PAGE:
With the rise of brands such as Warby Parker, Soapbox Soaps, Plum Organics and Bombas Socks, the one-for-one giving model has become a popular way for companies to easily tie social impact to consumer product purchases and show just how easy it can be to support a worthy cause. Now, one of the pioneers of that movement, TOMS, is making it possible to donate without making a purchase.
For its annual One Day Without Shoes campaign, TOMS — which last year expanded its product line to include coffee — asks consumers to go barefoot to raise awareness for what it's like to live without shoes, and encouraging participants to share their experiences by posting photos of their bare feet on Instagram using the hashtag #withoutshoes. But this year — the eighth year of the campaign — for every barefoot photo uploaded using the hashtag between May 5 and May 21, TOMS will donate a new pair of shoes to a child in need (up to one million pairs).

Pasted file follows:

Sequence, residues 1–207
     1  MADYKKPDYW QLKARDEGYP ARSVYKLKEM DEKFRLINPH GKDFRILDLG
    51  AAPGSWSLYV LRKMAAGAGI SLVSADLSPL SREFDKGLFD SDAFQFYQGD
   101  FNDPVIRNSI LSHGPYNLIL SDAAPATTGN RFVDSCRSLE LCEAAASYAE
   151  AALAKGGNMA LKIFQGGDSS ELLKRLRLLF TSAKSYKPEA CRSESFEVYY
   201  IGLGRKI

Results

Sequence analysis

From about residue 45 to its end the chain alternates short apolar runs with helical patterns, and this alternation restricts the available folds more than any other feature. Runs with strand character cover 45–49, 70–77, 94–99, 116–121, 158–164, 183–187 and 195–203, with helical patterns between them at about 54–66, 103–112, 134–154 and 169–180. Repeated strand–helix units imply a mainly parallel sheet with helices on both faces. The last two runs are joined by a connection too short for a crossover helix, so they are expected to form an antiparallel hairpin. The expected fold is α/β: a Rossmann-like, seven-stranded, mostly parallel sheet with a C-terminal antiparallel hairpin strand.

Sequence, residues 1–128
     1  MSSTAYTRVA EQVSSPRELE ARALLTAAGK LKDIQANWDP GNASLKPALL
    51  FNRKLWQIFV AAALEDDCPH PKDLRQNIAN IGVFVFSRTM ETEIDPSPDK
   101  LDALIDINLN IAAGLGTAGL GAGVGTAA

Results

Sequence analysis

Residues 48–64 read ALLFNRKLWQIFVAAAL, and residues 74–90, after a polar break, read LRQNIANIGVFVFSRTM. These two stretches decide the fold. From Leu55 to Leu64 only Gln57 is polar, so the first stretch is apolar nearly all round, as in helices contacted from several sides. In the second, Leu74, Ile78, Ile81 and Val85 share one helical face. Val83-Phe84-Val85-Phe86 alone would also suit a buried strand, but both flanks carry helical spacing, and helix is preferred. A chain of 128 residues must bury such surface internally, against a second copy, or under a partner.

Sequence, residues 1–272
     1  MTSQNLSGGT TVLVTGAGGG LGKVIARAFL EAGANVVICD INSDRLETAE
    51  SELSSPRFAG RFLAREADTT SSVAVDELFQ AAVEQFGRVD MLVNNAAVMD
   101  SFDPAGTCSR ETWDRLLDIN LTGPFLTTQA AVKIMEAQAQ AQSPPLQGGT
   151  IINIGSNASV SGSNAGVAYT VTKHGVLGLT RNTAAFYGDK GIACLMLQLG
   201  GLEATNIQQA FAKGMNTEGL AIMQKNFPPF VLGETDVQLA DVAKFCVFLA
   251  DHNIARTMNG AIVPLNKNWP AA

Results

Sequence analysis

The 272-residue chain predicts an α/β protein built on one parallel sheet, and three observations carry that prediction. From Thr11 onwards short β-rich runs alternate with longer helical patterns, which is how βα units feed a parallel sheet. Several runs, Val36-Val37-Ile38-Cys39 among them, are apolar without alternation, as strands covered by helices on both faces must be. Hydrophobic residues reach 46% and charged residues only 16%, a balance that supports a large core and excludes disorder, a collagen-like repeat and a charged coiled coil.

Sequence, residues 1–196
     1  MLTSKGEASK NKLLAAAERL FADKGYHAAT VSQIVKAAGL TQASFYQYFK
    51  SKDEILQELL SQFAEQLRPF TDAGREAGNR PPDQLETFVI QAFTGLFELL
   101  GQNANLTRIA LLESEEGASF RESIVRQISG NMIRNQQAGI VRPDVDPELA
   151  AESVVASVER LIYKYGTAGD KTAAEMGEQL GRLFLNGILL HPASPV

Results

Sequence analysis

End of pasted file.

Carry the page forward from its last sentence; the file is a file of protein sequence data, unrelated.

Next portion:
While the annual campaign has already done much for raising awareness for the company and its cause, TOMS founder Blake Mycoskie recently told Fashionista he wanted to give everyone — not just those who can afford to buy a pair of TOMS shoes — the opportunity to "do something good without having to buy."
"We'd rather spend our money doing more good rather than traditional advertising," Mycoskie said.
3 Key Insights to Support Carbon-Labeling Ambitions
The SB Socio-Cultural Trends Research, conducted in partnership with Ipsos, tracks the changing drivers and behaviors of consumers around the intersection of brands and sustainable living. Our latest report explores how brands can maximize the impact of their sustainability efforts by approaching carbon-label strategies through the lens of consumer perceptions — learn more in SB’s Q4 Pulse highlights report.
Another successful example of using social media to enable concerned citizens to make a difference without breaking the bank is Code REDD’s recent Stand for Trees campaign, which has engaged millions of people around the world to do their part to help reduce deforestation and curb climate change through the purchase of $10 carbon offset certificates. With the help of spokesperson Prince Ea, the campaign video received over 34 million views and spurred 8,770 transactions and offset 16,800+ tonnes of CO2 in the first two days.